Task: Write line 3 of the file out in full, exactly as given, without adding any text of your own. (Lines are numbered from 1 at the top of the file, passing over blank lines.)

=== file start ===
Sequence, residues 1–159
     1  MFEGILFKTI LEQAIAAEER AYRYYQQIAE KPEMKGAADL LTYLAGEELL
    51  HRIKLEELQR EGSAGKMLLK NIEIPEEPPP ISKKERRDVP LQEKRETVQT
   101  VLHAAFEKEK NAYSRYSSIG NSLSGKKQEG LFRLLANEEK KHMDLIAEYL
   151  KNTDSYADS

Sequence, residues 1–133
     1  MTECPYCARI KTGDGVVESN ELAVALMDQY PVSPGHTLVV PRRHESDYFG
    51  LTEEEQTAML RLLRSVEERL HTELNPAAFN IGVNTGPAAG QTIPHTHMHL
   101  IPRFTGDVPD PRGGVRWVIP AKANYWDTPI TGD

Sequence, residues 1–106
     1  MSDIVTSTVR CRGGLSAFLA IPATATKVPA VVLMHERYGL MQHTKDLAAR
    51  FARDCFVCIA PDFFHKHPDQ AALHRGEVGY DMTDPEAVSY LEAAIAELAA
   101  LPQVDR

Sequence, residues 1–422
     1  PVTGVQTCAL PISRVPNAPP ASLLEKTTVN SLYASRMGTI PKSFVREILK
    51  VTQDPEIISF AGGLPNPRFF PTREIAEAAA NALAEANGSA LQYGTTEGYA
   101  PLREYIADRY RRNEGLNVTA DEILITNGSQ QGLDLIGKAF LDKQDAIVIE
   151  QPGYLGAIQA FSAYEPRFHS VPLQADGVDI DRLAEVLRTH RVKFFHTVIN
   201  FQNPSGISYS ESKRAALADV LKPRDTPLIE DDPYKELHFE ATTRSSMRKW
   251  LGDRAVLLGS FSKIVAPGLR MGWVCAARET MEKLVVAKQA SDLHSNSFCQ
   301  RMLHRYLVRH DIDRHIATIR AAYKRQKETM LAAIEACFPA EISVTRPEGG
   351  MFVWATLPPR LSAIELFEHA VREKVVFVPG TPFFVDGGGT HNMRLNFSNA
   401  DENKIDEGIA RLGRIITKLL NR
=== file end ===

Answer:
    51  HRIKLEELQR EGSAGKMLLK NIEIPEEPPP ISKKERRDVP LQEKRETVQT